Arbor Low

arbor-low Tucked away in a quiet corner of Derbyshire is a rather magnificent ancient monument. Arbor Low is a Neolithic henge, consisting of a large earthwork, some 90 metres across, that encloses a circle of limestone blocks. It’s stunning to look at, so it’s no wonder it’s been referred to as ‘the Stonehenge of the North’.

Like all such sites, there seem to be more questions than answers. Is it a calendar, a religious site or something else? Were the stones always lying down, or did they once stand upright? Who lived here? Where did they live? Archaeologist Dr Ian Parker Heath was at the site when we visited. He is part of a team who are trying to investigate the area around Arbor Low, it will be interesting to see what they discover.

The site is well-signposted, but access is via privately owned land. The landowner requests that adults pay £1, which is left in an honesty box. This isn’t an unreasonable request in my opinion, given the number of people that were traipsing through the farm to get the site on the day that we visited.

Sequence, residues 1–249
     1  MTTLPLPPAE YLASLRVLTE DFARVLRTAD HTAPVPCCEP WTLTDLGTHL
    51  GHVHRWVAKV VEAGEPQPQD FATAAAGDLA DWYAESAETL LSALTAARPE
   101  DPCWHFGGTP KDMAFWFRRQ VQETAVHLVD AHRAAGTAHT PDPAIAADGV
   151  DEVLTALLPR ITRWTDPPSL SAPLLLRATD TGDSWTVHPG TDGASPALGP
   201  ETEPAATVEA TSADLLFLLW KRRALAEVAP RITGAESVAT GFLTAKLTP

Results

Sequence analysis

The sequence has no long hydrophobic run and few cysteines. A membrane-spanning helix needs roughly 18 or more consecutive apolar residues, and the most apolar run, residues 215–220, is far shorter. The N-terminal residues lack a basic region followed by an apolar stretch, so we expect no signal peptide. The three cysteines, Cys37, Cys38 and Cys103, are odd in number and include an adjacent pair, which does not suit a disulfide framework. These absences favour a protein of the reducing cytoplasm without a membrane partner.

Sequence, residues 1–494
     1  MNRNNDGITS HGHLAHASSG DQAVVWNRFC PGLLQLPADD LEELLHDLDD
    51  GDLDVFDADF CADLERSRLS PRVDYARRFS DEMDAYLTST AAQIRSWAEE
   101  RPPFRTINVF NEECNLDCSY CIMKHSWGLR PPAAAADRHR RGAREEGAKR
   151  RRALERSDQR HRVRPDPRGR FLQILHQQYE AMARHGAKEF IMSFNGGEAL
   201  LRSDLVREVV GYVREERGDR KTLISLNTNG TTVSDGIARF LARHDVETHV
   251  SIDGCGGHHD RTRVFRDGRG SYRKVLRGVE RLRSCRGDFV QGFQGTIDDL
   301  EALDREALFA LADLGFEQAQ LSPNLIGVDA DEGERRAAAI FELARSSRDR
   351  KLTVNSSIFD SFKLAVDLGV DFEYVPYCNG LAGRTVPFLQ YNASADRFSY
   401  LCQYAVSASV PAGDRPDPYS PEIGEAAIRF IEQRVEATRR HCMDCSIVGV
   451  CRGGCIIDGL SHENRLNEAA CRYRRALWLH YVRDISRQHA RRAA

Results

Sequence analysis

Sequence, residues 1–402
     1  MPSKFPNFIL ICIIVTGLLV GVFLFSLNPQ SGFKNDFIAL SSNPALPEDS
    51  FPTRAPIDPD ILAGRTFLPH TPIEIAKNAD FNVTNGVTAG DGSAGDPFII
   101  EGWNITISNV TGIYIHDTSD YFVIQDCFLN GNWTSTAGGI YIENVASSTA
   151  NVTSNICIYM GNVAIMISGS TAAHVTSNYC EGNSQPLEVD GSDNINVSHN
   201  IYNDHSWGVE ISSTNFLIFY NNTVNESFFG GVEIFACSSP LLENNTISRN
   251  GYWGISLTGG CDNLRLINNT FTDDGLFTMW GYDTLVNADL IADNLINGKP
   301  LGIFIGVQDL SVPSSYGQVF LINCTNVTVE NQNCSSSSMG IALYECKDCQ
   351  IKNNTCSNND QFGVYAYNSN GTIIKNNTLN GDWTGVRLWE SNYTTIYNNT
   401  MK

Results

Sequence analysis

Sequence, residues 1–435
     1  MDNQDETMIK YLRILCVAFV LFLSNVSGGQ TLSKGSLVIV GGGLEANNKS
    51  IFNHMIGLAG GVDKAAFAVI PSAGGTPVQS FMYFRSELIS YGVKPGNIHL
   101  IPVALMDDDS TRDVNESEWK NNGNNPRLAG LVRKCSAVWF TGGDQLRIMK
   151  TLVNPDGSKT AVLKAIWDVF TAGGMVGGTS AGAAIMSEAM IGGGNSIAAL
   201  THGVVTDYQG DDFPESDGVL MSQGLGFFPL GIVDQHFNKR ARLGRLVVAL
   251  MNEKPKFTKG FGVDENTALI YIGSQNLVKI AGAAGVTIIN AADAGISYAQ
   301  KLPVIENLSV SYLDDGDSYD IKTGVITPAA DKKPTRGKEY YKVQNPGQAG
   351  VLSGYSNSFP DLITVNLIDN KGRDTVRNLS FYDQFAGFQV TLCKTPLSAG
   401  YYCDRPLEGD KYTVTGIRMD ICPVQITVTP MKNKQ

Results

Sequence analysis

Here’s a few pictures from our trip:

The earthen wall around the site looks quite impressive – just the sheer scale of it gives it a certain grandeur.


Once inside, the large stones look amazing. The two sheep grazing in the background should give you a sense of scale.


The site is used by a variety of people. Many, like us, are just visiting. The marks seen on the left of this photo were made by a pagan group. It looked like flour, so it should wash away in time:


There is also a barrow nearby which can be seen from some way off. We set off across the fields to get a closer look. First we had to get past some sheep…

ewe shall not pass

… but there were no convenient sheep providing a sense of scale for amateur photographers at Gibb Hill Barrow, so average-sized Mr TLC did that job:


Apparently this is actually two barrows, one built on top of the other – although I couldn’t see that from ground level.

If you are in the area, Arbor Low is well worth a visit. But I’d recommend wearing some sensible shoes!


All photos on this post are by Lois Lindemann and are licensed under a Creative Commons Attribution-Non-Commercial-Share Alike 2.0 UK: England & Wales License.

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